What I’m Reading: Food Magazine Edition

I always enjoy hearing what books, magazines or blogs my friends are reading, so in case you do too I thought I’d share a few food magazines I’ve been reading lately. First off, let me say I love food magazines. Whether I’m admiring the gorgeous photos, discovering new ingredients or finding inspiration within the pages, I’m hooked. This past week I’ve been reading two food magazines that diverge from mainstream food magazines, and in doing so provide a refreshing take on food and cooking.

sated

sated magazine

This brand new food magazine was founded by two Bay Area food bloggers, Anita Chu of Dessert First and Stephanie Shih of Desserts for Breakfast. I first stumbled across Stephanie’s blog through Food Gawker and was enchanted by her food photos, which reminded me of still life paintings because of their dark shadows and artistic arrangements. The duo of bloggers have outdone themselves with the first issue of their magazine: Thoughtful, interesting and well-executed, sated infuses the food magazine scene with elegant images and quality content.

The Dark Chocolate Issue of sated is brimming with beautiful photos of chocolate and chocolate desserts as well as recipes galore, an essay on the history of chocolate, an interview with a chocolate startup and a guide to Bay Area chocolate artisans. I was delighted to open the magazine and find a poem written by a friend from church, Annelies of the blog The Food Poet. There are no advertisements cluttering the pages of the magazine, just 90 full-color pages of chocolate inspiration. I’ll admit that it took me a few months to cough up $18+shipping for the issue, but I’m not in the least bit sorry I did — this magazine is going to be displayed on my coffee table, not crammed among my other food magazines on a bookshelf. Paired with a few artisan chocolate bars, sated would make a great Christmas gift for the foodie in your life. The next issue is coming out soon, so bookmark the blog for the latest info.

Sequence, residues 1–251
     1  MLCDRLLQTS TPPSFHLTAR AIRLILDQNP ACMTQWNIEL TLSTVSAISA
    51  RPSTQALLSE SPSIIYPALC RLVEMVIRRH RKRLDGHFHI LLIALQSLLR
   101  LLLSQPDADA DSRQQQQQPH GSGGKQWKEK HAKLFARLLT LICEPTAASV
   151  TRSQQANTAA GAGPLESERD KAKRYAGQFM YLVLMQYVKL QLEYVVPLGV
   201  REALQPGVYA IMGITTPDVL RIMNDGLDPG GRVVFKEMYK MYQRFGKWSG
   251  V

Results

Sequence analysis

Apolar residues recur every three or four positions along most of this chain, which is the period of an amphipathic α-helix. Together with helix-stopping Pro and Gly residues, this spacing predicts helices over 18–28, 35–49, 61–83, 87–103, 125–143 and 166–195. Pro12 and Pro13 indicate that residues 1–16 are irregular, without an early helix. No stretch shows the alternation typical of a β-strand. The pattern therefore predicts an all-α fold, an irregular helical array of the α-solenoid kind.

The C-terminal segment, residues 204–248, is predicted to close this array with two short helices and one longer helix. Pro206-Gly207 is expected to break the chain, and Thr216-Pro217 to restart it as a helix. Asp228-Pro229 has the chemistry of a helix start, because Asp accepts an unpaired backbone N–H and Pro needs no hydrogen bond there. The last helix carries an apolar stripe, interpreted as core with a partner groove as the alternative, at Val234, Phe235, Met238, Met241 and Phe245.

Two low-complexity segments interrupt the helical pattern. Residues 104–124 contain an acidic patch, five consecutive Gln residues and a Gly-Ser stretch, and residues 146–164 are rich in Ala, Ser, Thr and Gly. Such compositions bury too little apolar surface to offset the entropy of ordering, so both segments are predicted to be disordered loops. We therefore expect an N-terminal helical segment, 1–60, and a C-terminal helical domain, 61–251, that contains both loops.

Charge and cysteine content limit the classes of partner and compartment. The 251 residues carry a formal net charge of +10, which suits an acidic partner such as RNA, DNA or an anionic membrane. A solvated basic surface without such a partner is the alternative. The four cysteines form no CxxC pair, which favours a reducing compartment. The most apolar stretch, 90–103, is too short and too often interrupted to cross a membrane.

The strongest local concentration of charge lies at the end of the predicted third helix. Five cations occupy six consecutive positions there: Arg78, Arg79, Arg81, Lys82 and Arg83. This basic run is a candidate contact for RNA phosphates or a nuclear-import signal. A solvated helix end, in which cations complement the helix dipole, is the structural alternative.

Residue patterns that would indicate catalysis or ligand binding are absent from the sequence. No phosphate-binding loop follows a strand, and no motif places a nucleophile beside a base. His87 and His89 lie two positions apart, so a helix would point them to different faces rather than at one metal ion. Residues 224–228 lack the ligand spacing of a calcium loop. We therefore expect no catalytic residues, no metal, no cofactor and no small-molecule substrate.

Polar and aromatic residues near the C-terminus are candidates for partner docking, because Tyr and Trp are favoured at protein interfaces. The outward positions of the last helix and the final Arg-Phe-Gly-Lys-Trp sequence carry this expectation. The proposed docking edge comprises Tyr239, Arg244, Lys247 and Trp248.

Gastronomica

gastronomica

I should make this clear from the get-go: Labeling Gastronomica as a food magazine is a bit of a misnomer because it is actually a scholarly journal. There are no recipes in Gastronomica, no features deciphering the five latest diet trends, no roundups of the best 10-inch skillets. What’s the appeal, then? Gastronomica’s subhead“The Journal of Food and Culture,” provides a clue: culture. You don’t have to be a sociologist to realize that our Western culture is obsessed with food. This journal takes a step back and asks such questions as How do we interact with food and what does this say about us? What can we learn from food cultures different than ours, whether in a different part of the world or a different century? Through personal essays, poems, book reviews, art critiques and interviews, the writers posit their answers to these kinds of questions.

The lastest issue, Fall 2012, contains an article that food bloggers may find particularly relevant: “Dishing It Out: Food Blogs and Post-Feminist Domesticity.”Author Paula M. Salvio examines several top food blogs—The Pioneer Woman Cooks, Smitten Kitchen, Cannelle et Vanille—through a scholarly lens and attempts to reconcile her feminist ideals with the seemingly un-feminist domesticity that is prevalent on many food blogs. Whatever your take on feminism and domesticity, the article is certainly a fascinating read.

Gastronomica runs $12.99 a pop, but the 130+ page journal will provide hours of reading time and plenty of fodder for thought projects.


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